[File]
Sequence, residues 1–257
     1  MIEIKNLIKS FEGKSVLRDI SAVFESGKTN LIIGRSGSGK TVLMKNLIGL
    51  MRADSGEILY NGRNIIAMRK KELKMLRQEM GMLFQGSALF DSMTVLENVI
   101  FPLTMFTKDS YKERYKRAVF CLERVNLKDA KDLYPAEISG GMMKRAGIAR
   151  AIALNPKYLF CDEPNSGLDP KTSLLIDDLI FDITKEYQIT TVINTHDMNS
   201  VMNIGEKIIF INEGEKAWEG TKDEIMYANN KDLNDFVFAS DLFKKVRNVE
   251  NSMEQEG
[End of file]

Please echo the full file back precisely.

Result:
Sequence, residues 1–257
     1  MIEIKNLIKS FEGKSVLRDI SAVFESGKTN LIIGRSGSGK TVLMKNLIGL
    51  MRADSGEILY NGRNIIAMRK KELKMLRQEM GMLFQGSALF DSMTVLENVI
   101  FPLTMFTKDS YKERYKRAVF CLERVNLKDA KDLYPAEISG GMMKRAGIAR
   151  AIALNPKYLF CDEPNSGLDP KTSLLIDDLI FDITKEYQIT TVINTHDMNS
   201  VMNIGEKIIF INEGEKAWEG TKDEIMYANN KDLNDFVFAS DLFKKVRNVE
   251  NSMEQEG